“We were offering an increase of wages, health care plans, 401(k)s, but people just weren’t applying and like many in the industry, we didn’t know what to do,” said Sergio’s Restaurants CEO Carlos Gazitua.
After struggling with staffing issues due to the coronavirus pandemic, Gazitua invested in robots to help take customers’ orders and even deliver food to tables.
Gazitua said that some restaurants in south Florida were closing for a few days a week because they were “burned out” from overworking servers due to short staffing.
After noticing that his servers could not handle the overabundance of tables, they had to rethink the way service was done.
“They just were walking way too much, the servers couldn’t take all of our tables. 30% of our restaurants were closed and that’s where robotics came in. We thought of the idea of would if the servers could be more with the guests and we could take that hard part of doing the server’s job and just use robotics,” he explained.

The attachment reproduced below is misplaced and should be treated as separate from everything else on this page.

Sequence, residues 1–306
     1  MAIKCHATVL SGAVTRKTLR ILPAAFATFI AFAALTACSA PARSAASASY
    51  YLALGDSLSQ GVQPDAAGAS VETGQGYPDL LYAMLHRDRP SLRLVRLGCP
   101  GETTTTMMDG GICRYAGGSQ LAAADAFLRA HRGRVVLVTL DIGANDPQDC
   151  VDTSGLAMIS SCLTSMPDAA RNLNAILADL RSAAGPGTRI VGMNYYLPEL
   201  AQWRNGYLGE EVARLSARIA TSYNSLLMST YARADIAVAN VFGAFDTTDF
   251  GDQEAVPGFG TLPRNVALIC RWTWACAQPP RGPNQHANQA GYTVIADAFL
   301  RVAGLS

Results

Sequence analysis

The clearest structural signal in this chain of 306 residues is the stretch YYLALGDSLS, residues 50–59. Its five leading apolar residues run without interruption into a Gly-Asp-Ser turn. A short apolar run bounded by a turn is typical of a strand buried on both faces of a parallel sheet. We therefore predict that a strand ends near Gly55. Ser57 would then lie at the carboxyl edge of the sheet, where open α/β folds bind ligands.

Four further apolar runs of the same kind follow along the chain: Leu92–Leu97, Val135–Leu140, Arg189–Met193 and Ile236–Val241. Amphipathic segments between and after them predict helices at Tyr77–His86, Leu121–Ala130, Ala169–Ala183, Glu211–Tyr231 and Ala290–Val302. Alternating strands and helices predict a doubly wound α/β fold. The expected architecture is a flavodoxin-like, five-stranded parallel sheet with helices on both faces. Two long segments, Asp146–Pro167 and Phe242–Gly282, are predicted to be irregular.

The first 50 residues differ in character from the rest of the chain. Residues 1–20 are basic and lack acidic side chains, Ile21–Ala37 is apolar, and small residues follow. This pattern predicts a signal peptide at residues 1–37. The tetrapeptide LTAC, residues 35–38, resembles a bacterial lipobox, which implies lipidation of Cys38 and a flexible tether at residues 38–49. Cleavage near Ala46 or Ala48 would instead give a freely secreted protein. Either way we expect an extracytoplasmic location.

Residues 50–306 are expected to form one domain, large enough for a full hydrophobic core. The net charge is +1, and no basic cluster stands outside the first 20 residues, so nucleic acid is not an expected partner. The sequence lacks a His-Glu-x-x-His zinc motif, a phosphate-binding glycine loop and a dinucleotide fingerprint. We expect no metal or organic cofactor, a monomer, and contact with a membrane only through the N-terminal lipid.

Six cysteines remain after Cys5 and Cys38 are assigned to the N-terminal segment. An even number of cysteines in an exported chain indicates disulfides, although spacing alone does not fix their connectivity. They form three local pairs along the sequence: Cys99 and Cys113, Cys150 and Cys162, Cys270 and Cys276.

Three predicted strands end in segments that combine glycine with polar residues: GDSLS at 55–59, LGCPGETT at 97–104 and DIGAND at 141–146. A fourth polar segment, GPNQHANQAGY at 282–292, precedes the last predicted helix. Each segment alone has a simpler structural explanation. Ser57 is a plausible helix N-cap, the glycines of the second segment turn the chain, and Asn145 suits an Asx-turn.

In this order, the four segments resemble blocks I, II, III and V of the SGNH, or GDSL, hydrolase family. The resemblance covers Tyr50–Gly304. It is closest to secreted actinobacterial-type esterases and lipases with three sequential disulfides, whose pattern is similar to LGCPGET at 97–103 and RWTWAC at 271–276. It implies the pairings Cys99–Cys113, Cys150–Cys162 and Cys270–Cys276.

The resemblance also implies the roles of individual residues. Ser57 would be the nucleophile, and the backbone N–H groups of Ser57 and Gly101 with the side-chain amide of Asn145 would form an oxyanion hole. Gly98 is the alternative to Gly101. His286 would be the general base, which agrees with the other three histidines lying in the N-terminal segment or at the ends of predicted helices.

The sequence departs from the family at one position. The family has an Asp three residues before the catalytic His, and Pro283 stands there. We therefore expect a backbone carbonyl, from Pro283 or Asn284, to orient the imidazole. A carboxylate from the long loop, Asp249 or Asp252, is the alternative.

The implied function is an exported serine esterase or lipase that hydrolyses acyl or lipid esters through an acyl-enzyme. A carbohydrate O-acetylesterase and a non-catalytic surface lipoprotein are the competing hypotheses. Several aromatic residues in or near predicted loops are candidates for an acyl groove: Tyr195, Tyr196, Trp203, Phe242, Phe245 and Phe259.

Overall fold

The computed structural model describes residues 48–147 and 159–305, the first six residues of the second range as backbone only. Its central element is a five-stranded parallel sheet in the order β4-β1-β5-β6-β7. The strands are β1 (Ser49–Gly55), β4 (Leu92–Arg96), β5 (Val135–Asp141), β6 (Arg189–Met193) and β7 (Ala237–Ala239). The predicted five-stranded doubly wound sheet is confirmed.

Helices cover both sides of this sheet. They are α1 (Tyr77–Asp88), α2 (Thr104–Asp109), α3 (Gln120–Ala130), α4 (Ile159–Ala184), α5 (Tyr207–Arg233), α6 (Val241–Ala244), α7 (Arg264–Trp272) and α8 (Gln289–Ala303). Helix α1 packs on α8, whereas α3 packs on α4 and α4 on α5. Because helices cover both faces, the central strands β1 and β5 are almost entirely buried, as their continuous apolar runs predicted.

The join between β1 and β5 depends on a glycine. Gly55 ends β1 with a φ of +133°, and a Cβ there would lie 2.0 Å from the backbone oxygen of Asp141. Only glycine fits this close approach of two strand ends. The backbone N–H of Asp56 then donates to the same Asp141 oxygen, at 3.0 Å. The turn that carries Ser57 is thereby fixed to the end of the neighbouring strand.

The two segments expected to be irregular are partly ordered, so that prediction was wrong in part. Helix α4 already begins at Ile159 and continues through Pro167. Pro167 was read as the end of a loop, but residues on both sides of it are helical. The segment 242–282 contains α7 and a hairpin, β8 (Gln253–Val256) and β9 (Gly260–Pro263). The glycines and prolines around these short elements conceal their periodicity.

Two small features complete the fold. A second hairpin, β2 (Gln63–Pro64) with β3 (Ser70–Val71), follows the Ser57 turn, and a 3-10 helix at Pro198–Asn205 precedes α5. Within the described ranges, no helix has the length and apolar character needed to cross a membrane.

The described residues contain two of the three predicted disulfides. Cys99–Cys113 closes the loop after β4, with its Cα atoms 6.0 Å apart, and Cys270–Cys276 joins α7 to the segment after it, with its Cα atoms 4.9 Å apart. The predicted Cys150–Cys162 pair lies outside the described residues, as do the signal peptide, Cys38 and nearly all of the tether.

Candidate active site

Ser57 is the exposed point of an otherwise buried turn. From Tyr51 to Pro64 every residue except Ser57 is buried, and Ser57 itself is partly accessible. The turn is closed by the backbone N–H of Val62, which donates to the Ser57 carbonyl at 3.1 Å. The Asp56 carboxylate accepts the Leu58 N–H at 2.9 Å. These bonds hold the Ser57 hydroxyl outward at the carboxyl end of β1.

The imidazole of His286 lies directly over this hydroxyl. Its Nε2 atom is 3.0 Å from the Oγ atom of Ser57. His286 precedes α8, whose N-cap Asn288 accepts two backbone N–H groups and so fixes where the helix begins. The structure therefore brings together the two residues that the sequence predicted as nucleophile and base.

Gazitua said that staffers use a walkie-talkie system to direct whenre the robot, “Astro,” will go for each table. He said the result has been servers making more money because they can handle more tables at a time.
The robots do not serve beverages yet.
On June 26, Florida is expected to stop supplying unemployed citizens with the supplemental $300-a-week unemployment benefit, the state’s Department of Economic Opportunity announced. Some economists have said the extra unemployment benefits are disincentivizing people from looking for work.
Continue Reading >>> Source link